American media hardly noticed it when demonstrators first took up position on Wall Street in early September last year in what later became known as Occupy Wall Street. But most Chinese knew about it. Chinese media covered the event enthusiastically when I could find no mention of it in my usual American news sources on the internet. Looking through the communist hype of the state-owned media in China, it seemed to me to be nothing more than a peaceful demonstration, something with which Americans have become accustomed. After all, we have the First Amendment, and many political and social agendas are set by such demonstrations.
But the Chinese government saw Occupy Wall Street as a victory of socialism over capitalism, relentlessly following up on every detail, repeating details from the day before when there were no new details, and broadcasting “talking heads” to give their take on when the western system of government would ultimately, and quickly, collapse. Beijing intended to encourage in its citizens a heightened sense of nationalism by reminding them what a great county they have, that the socialist system is superior to capitalism, and that the Chinese Communist Party has got their back.
But the propaganda mother lode failed to pan out as Beijing hoped, and as Occupy Wall Street spread to other cities in America and the world, it likewise spread to China to the little known provincial capital of Zhengzhou in Henan. As far as capital cities go, Zhengzhou is a backwater and can probably be compared to St. Louis in that it is centrally located and serves as a crossroads for railway traffic. It is heavily industrialized and has the worst air quality in China. It is also the capital of China’s most populated province with more than 100 million residents, some of whom were inspired by China Central Television’s broadcast coverage of Occupy Wall Street.
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Most people in Zhengzhou never heard about the Occupy Zhengzhou demonstration last month. It was never reported in Chinese media. Subsequent to the October 6 demonstration in Zhengzhou, Chinese news of Occupy Wall Street was severely curtailed, with only bits and pieces shown for the purpose of alienating Chinese affection for America. The core values behind the demonstration, which were often repeated before October 6, are now banned from the media and internet in China. Nothing more is said about the fact that the Occupy movement that began on Wall Street is about the widening gap between the rich and the poor. And few things infuriates the average Chinese citizen more than that very issue, that so few people in China control so much wealth.
According to the U.S. News and World Report in 2006, more than 2,000 people in China are worth more than $2 million. That number has grown substantially since then, but still the significant majority of Chinese live far below the poverty level. In America, about 1% of the people control 90% of the wealth. In China, fewer than .0001% of the people control 90% of the wealth says Wu Xianjian, Chinese social commentator. Of those that control the wealth, 99.9% are members of the Chinese Communist Party. This makes it easy to see why the Chinese Communist Party is not willing to allow people to demonstrate against those that control the wealth in China.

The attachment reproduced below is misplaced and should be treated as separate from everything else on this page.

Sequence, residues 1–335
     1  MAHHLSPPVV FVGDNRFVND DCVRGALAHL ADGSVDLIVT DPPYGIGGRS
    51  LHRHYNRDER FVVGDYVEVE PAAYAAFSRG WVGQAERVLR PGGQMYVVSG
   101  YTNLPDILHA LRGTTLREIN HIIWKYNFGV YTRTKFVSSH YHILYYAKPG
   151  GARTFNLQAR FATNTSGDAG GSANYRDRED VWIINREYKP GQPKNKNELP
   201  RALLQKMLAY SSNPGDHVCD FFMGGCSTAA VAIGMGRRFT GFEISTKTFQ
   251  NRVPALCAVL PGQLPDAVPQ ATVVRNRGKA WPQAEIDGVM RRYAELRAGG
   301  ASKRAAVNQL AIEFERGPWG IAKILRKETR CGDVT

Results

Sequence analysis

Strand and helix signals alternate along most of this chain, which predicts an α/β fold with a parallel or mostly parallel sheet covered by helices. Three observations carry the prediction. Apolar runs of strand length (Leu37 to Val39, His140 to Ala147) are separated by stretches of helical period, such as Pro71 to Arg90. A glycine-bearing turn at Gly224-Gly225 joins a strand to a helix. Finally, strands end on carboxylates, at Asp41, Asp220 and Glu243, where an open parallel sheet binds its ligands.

To give a better example of the gap between those with money and those without, one has merely to browse through a typical shopping mall in China. The shopper will see many stores with the same brand names seen at malls in America, as well as many high priced Chinese brands. However the costs of goods in these malls are extraordinarily high compared to what the average worker can afford to pay. A white man’s dress shirt at a mall in Zhengzhou costs between $130 and $180. The same shirt in the U.S. might retail for between $50 and $90. But the average worker in Zhengzhou City makes around $130 a month. Outside the city, people earn much less. The workers who sell the shirts are lucky to make in one month the cost of the shirts they sell.
The cost of basic goods in China is rising dramatically. In only seven years, the cost of pork has risen by about 200%, significantly impacting a nation that considers pork a staple in every meal. Costs of other basic products have likewise risen between 150%-300%, but wages have only increased by about 15%. Housing, too, has increased tremendously, rising in the same period in some markets by as much as 800%. The people who own homes are the ones who purchased them many years before or the ones who can afford them now, which has led to a new industry in the rental home business, something that was the exception rather than the norm only a few years ago. It is little wonder that the average Chinese citizen wants to complain.
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The Occupy Zhengzhou demonstration is considered a “mass incident,” a Chinese propaganda term intended to downplay the impact of news regarding demonstrations involving more than 100 people. By definition then, the 1989 Tiananmen Massacre and the Occupy Zhengzhou demonstration are both mass incidents. Chinese authorities view any mass incident as serious, which is likely the reason that most residents of Zhengzhou, especially the expatriate community, knew nothing of the demonstration on October 6.
This past Saturday, Occupy Zhengzhou happened again. There is no mention of it on the internet, and there was no reporting of it in the media. Instead, the Chinese media has refocused on its vilification of America by reporting on the devastating earthquake in Oklahoma. I’m sure you have heard of it. That’s the earthquake that killed nobody.
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